|Publication number||US3491749 A|
|Publication date||Jan 27, 1970|
|Filing date||Nov 12, 1965|
|Priority date||Nov 12, 1964|
|Also published as||DE1491723A1|
|Publication number||US 3491749 A, US 3491749A, US-A-3491749, US3491749 A, US3491749A|
|Inventors||Ake Samuel Gidlund|
|Original Assignee||Ake Samuel Gidlund|
|Export Citation||BiBTeX, EndNote, RefMan|
|Patent Citations (6), Referenced by (5), Classifications (15)|
|External Links: USPTO, USPTO Assignment, Espacenet|
AKE SAMUEL GIDLUND APPARATUS FOR USE IN THE PREPARATION OF X 3,491,749 -RAY Jan. 27, 1970 PHOTOGRAPHS OF BLOOD VESSELS Filed NOV. 12, 1965 IENVENTOR. AKE SAMUEL GIDLUND United States Patent 3,491 749 APPARATUS FOR USE IN THE PREPARATION OF X-RAY PHOTOGRAPHS OF BLOOD VESSELS Ake Samuel Gidlund, Lokevagen 13B, Djursholm, Sweden Filed Nov. 12, 1965, Ser. No. 507,440 Claims priority, application Sweden, Nov. 12, 1964, 13,612/ 64 Int. Cl. A61b /02; A61m 5/00 U.S. Cl. 1282.05 5 Claims ABSTRACT OF THE DISCLOSURE An apparatus is provided for employing a contrast agent to prepare blood vessels for X-ray photography.
The contrast agent is injected into the blood vessels to be The present invention relates to an apparatus for use in the preparation of X-ray photographs of blood vessels.
Currently X-ray contrast agents, used in X-ray photography of blood vessels in the heart or the kidneys for example, are injected or delivered to the blood vessels in a single massive dosage. Thereafter, the X-ray photograph is completed by conventional X-ray techniques. By injecting comparatively large quantities of a contrast agent, the X-ray photographs of some of the blood vessels, whether healthy or diseased, are so filled with the contrast agent that they are of little or no prognostic value to a physician or technician. In addition tissues and even portions of organs may be torn when a sudden surging of a large dosage of a contrast agent is injected through blood vessels, such as for example valves of the heart which are susceptible to being damaged.
It has been determined that blood will flow more readily th ough healthy blood vessels than diseased blood vessels. Thus, any contrast agent injected into blood vessels will remain for a longer time period in diseased blood vessels than in those adjacent blood vessels which are healthy.
The present invention overcomes the prior art disadvantages by controlling the quantity of contrast agent injected into the diseased blood vessels to be photographed in relation to the blood flow rate through these blood vessels. Preferably by injecting in a predetermined requence, small separate dosages of a contrast agent, the proper level of contrast agent for X-ray photography in the diseased blood vessels will be reached. To insure that a proper diagnostic X-ray photograph is taken, X-ray photographs may be continuously taken during the entire injection process.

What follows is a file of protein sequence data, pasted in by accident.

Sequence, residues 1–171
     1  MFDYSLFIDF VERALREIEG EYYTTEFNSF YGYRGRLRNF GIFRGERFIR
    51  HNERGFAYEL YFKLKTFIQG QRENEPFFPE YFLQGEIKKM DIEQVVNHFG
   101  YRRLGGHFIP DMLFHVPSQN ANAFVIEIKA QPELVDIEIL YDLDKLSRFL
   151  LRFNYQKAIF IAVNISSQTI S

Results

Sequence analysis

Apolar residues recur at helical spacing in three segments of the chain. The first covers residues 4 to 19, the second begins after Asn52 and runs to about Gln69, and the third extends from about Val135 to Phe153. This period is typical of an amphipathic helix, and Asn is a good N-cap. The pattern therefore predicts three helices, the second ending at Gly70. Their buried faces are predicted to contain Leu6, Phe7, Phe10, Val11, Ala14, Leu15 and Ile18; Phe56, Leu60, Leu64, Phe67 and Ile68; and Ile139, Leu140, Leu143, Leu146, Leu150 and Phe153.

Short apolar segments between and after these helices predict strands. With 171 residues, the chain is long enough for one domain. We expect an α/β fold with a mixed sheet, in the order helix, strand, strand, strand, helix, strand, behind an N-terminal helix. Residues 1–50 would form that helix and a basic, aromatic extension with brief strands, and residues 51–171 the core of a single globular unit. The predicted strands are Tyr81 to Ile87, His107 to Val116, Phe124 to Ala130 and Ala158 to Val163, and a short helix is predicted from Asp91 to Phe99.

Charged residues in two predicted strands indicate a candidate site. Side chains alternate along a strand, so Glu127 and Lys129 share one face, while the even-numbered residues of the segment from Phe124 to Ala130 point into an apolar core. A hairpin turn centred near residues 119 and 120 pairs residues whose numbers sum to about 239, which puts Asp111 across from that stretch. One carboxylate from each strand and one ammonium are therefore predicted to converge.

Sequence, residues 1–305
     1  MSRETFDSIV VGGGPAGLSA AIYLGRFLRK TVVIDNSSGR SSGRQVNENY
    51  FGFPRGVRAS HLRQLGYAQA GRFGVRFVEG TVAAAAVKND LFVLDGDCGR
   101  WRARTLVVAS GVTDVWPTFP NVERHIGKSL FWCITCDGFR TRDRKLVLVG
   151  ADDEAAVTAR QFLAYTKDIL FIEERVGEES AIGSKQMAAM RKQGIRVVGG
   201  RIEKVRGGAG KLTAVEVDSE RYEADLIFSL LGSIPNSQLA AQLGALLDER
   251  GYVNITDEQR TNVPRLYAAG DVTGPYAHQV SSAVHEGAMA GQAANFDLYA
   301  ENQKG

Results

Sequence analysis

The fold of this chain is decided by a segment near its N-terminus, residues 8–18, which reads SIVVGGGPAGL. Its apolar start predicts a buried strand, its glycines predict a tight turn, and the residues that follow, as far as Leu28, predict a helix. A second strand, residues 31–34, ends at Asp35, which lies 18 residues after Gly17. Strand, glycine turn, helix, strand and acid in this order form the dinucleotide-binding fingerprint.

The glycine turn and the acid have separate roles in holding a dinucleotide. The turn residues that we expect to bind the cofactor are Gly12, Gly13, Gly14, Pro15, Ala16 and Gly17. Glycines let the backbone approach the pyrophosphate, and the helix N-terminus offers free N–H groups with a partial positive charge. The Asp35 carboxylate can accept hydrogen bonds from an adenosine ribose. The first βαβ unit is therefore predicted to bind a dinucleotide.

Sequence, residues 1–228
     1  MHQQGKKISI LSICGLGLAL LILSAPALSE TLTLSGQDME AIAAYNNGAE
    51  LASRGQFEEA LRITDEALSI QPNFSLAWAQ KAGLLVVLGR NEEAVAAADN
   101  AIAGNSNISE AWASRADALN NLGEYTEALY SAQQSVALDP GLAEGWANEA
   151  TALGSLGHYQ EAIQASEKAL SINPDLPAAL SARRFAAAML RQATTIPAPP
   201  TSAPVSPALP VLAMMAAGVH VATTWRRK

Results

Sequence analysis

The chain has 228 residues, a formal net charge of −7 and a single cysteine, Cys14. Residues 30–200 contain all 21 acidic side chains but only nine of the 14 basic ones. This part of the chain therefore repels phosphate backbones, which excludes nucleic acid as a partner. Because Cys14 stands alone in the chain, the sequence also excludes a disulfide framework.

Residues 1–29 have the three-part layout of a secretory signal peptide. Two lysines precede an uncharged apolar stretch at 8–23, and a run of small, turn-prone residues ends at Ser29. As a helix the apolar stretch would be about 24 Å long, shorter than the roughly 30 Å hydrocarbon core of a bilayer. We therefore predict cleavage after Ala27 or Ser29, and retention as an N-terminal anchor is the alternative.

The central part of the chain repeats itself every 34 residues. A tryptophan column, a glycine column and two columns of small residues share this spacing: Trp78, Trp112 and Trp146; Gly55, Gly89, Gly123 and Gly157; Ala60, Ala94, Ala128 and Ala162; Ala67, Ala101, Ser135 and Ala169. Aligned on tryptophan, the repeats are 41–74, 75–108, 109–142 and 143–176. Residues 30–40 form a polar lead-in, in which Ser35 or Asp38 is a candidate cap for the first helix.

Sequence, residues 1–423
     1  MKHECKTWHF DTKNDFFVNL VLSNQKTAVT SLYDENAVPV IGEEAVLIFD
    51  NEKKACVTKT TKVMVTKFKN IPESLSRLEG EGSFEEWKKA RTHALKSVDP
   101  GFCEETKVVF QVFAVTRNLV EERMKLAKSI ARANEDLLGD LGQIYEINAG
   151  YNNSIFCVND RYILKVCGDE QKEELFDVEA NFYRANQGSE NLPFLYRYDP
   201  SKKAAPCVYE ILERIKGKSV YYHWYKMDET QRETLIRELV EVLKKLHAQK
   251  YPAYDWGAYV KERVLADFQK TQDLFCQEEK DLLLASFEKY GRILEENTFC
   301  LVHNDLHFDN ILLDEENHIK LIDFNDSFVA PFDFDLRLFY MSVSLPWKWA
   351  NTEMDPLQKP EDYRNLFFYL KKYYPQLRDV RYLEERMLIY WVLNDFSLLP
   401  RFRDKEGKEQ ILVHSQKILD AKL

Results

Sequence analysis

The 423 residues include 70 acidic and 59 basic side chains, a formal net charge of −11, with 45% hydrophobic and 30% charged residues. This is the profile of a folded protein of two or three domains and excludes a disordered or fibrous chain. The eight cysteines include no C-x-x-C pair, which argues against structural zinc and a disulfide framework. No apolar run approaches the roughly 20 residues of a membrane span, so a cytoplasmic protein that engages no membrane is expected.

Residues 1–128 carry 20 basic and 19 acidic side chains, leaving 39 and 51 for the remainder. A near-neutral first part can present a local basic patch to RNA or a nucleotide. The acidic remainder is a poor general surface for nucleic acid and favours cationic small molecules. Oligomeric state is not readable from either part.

The apparatus in accordance with the invention comprises injection means which when actuated deliver a quantity of a contrast agent to the blood vessels to be X-rayed and programing means for controlling the actuation of the injection means in a predetermined sequence, thereby controlling the quantity of contrast agent injected.
Features and advantages of the invention will be obtained from a reading of the fol owing description taken in conjunction with the accompanying drawing, which is a schematic illustration of an apparatus for use in the preparation of X-ray photographs.
The drawing illustrates, as an exemplary embodiment of the invention, an apparatus which comprises a syringe "ice 1 provided with a cavity 40 accommodating a piston 6, which is axially displaceable by a piston rod 5. The upper or delivery end 41 of the syringe 1 is engaged by a rubber delivery tube 2 which is in communication with a catheter (not shown). An upward move or thrust of the piston 6 causes a contrast agent, disposed within the confines of the syringe cavity 40, to be injected into the catheter through the tube 2. The catheter, which delivers the contrast agent to the blood vessels to be X-rayed, is of course well known and need not be described here. The syringe cavity 40 is connected to a conventional filling device (not shown) which is adapted to fill the cavity with a desired contrast agent after an injection cycle.
Clamping means disposed adjacent the tube 2 are pro vided to move between open and closed positions; in the open position a dosage of contrast agent may be injected, while in the closed position it may not. The clamping means are depicted as two elements, a fixed element 3 and a movable element 4; a compression spring 44 which urges the element 4 into closed clamping relation with the tube 2; and a coil 45 and its associated circuit which when energized overcomes the force exerted by the compression spring 44 and moves the element 4 downward opening the clamping means.